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Old Feb 4th 2010, 02:04 PM   #27
 
  Mar 2009
  Blairstown, LA
I agree with Jason.

Tim,

As usual you have used your keen insight to wade through the bull and call it like it is. No wonder you write such good songs! Thanks
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Old Feb 4th 2010, 02:10 PM   #28
 richie0033's Avatar
 
  May 2009
  Tuscaloosa, Alabama

Cervid: Whitetail Deer
Also as far as the borders go I think that they should stay closed. If you look at Texas the deer business is strong. They can sell their does at a good price. Most of the farmers that have what you would call "average deer" up north cannot sell their does. They have to eat them. These does will raise 200" four year olds but because they are not the elite does nobody wants them. That is not what I want in the south. That doe should be worth money not meat. All does should have a place in the deer business. Not everyone can afford elite deer. If you flood the market the deer will not be worth nothing. If the borders are opened it will flood the market just like up north then we will be eating our does. If our deer are not worth anything thing we don't have an incentive to keep spending money on upgrading our herd. (buying semen, does, bucks, or fawns). No need for us to build enclosures because nobody ever wants to invest in something with zero return. I think that the states with the closed borders are more stable in the deer industry because of it. Texas deer sales ate up and they continue to be stable. Most breeders up north couldn't sell their deer this year and they are scared. Do you think they want to go out and spend more money in the deer business. NO!!!!! this hurts everybody.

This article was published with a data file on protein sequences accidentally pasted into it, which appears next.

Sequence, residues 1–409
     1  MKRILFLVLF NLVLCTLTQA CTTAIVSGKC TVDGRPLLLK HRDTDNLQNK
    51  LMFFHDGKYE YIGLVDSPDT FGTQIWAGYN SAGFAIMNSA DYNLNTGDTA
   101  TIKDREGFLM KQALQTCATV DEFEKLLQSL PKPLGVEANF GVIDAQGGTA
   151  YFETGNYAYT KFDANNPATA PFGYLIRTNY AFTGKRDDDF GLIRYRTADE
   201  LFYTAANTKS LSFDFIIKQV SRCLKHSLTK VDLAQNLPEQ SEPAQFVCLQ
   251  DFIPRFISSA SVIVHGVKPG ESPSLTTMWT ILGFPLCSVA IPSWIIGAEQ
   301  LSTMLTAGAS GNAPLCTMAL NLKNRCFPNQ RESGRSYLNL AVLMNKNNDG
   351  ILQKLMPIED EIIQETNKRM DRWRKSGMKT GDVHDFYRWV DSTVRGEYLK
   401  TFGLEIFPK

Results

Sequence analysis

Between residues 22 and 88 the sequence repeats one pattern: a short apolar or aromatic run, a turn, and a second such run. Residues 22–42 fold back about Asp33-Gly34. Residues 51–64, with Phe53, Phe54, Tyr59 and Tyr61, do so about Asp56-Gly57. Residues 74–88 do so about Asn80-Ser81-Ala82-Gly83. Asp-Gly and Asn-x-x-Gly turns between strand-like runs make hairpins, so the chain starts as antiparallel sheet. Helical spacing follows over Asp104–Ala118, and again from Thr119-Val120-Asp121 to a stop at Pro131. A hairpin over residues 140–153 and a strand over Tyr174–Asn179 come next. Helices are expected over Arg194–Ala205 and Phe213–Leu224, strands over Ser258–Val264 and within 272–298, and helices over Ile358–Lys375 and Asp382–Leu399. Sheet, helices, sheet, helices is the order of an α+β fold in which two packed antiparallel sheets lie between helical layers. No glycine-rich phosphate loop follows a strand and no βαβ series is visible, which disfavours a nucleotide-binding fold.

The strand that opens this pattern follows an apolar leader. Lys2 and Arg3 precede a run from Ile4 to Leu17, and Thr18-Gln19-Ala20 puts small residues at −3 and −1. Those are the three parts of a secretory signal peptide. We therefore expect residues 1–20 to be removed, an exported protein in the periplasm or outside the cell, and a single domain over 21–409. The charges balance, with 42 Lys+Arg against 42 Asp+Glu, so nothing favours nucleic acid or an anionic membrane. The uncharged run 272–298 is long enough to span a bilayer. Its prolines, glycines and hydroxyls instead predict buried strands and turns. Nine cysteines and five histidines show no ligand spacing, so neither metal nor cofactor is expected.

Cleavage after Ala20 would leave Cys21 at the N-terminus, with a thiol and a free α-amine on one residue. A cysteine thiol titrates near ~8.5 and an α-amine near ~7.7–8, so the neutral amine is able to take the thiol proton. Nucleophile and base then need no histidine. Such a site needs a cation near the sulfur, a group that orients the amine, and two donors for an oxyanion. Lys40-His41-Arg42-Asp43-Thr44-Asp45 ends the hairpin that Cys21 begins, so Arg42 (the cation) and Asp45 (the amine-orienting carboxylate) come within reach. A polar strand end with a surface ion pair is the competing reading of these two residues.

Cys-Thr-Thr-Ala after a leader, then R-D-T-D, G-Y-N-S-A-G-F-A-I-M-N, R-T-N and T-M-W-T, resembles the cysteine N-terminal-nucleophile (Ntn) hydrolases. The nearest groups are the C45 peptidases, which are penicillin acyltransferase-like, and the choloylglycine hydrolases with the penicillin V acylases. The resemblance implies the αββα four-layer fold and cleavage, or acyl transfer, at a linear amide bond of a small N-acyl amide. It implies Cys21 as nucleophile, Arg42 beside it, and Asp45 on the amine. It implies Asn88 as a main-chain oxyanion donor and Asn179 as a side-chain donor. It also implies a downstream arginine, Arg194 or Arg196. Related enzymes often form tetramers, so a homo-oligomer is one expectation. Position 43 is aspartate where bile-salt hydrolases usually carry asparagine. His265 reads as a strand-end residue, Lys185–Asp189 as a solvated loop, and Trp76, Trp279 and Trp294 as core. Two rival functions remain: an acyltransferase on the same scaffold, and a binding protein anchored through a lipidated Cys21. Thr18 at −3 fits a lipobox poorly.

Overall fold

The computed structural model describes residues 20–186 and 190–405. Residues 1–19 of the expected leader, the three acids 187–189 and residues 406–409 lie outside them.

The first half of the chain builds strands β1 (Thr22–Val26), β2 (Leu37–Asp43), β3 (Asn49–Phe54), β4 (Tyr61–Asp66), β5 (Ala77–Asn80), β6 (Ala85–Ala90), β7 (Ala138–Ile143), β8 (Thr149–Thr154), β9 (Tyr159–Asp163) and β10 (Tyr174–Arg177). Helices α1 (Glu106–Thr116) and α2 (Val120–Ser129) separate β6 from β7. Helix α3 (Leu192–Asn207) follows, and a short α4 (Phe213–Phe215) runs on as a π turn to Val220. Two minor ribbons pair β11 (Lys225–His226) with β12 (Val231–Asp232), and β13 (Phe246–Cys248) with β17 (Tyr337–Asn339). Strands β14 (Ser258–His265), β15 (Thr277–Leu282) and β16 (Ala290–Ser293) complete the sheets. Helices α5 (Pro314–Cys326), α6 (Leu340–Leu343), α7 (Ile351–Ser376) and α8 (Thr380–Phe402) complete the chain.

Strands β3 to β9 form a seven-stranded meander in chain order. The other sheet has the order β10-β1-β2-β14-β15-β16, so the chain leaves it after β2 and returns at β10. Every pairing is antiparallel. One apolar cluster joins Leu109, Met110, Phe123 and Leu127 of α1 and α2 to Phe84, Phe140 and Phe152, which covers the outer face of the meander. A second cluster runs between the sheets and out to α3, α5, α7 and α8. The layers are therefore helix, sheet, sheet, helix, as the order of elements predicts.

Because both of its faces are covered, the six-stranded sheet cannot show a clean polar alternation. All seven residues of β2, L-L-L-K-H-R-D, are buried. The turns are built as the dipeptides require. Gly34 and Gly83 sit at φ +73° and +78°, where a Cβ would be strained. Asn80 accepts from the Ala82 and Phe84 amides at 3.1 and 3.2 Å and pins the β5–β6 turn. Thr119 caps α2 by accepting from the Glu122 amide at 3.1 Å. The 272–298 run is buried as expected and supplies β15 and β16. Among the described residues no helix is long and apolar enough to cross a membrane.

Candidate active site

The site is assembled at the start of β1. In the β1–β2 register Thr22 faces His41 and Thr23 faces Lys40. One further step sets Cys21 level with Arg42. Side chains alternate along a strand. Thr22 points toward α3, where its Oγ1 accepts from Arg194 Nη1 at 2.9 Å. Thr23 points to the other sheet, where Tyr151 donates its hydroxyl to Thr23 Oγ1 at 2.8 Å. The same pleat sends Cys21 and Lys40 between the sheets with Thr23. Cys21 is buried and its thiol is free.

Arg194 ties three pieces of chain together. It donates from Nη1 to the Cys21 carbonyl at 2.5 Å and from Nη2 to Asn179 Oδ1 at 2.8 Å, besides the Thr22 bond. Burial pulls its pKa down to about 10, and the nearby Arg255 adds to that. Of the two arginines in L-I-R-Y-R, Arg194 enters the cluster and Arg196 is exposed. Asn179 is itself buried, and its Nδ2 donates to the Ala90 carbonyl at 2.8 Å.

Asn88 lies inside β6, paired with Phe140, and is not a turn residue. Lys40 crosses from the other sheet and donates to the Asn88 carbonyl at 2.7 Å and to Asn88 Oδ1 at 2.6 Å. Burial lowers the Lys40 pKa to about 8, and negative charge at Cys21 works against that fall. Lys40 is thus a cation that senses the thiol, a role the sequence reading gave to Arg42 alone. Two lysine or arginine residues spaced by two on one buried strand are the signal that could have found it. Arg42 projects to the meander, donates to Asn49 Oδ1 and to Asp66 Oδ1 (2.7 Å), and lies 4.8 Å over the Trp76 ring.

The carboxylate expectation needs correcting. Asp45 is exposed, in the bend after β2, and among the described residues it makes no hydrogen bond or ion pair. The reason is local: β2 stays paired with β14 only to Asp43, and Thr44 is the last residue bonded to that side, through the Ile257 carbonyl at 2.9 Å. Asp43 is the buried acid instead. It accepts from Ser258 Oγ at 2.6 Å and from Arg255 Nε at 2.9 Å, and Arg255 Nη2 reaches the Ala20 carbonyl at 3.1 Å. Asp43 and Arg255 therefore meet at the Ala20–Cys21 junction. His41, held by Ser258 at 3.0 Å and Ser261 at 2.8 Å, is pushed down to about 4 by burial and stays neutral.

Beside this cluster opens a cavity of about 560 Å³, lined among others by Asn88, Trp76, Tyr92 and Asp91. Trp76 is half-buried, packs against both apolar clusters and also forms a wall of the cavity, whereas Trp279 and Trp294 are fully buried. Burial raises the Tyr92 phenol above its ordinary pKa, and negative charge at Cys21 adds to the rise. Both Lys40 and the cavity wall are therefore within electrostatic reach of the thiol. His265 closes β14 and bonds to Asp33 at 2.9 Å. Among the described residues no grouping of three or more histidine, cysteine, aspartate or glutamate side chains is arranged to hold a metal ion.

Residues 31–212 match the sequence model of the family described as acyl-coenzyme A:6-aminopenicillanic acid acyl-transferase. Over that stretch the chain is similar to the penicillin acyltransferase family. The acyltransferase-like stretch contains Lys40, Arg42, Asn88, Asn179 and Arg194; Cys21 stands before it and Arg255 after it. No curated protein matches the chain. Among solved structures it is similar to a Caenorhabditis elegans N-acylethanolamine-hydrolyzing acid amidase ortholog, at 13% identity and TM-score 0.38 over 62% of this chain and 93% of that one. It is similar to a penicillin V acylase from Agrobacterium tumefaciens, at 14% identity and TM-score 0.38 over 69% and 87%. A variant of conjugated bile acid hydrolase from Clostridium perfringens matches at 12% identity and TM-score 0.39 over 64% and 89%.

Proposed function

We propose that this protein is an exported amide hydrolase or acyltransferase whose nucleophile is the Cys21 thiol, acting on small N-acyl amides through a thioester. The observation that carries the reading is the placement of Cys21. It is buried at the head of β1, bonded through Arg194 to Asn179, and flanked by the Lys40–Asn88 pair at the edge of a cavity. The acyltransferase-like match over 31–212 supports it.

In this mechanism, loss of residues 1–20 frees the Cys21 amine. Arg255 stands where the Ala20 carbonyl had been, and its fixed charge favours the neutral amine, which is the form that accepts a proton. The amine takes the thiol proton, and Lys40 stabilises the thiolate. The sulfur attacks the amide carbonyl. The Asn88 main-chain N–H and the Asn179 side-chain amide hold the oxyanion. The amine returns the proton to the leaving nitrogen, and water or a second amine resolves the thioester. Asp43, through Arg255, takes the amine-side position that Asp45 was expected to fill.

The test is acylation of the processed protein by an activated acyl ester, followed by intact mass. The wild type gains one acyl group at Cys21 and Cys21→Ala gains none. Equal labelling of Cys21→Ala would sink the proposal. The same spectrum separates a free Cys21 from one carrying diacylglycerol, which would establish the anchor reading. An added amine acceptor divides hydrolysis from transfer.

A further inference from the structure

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Old Feb 4th 2010, 02:20 PM   #29
 
  Mar 2009
  Blairstown, LA
I understand the financial advantages of closed borders. Without the ability to go outside the state to buy deer, you are forced to buy "in-house" and thus the suppliers can virtually name their prices. Great gig for the suppliers, but eventually the bubble will burst. When the demand goes down the suppliers will be forced to lower their prices. What I can't get a handle on is why would a state that does not allow importation of deer also allow their exportation? Why would anyone that has deer in a closed state want to export them? Surely the prices of deer exported, cannot be anywhere near the prices you could get in the "captive market", so why even allow exportation? If you as a supplier of deer in a closed border state are exporting them, then how can you justify the loss of income from selling the deer cheaper? If you are having to export them, then what does that say about the demand and the stability of the industry there?



Some of you may want to fill in the blanks for me.
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Old Feb 5th 2010, 12:33 PM   #30
 
  Mar 2009
  Blairstown, LA
Back to the rediculous...........Will all AL deer farmers will enjoy a 7yr CWD status beginning this April. The state is grandfathering them into the program. How on gods green earth is one of those 32 new deer farmers going to have a 7 yr status when their farms haven't been in existance that long? I realize AL bagan testing wild deer in 2002/2003, but they didn't begin testing farmed cervids until just recently. In addition to that, how can a deer farmer that is allowed to bring exotics into the state, allowed to have a separate CWD status for his WT's if they are kept in the same enclosure? In Louisiana, your CWD status is exactly that YOUR status, not that of the dept of conservation's wild deer survey results. I am not complaining that you guys got that for your farms, just curious as to how much it cost and who had to be bribed to get something that absurd enacted.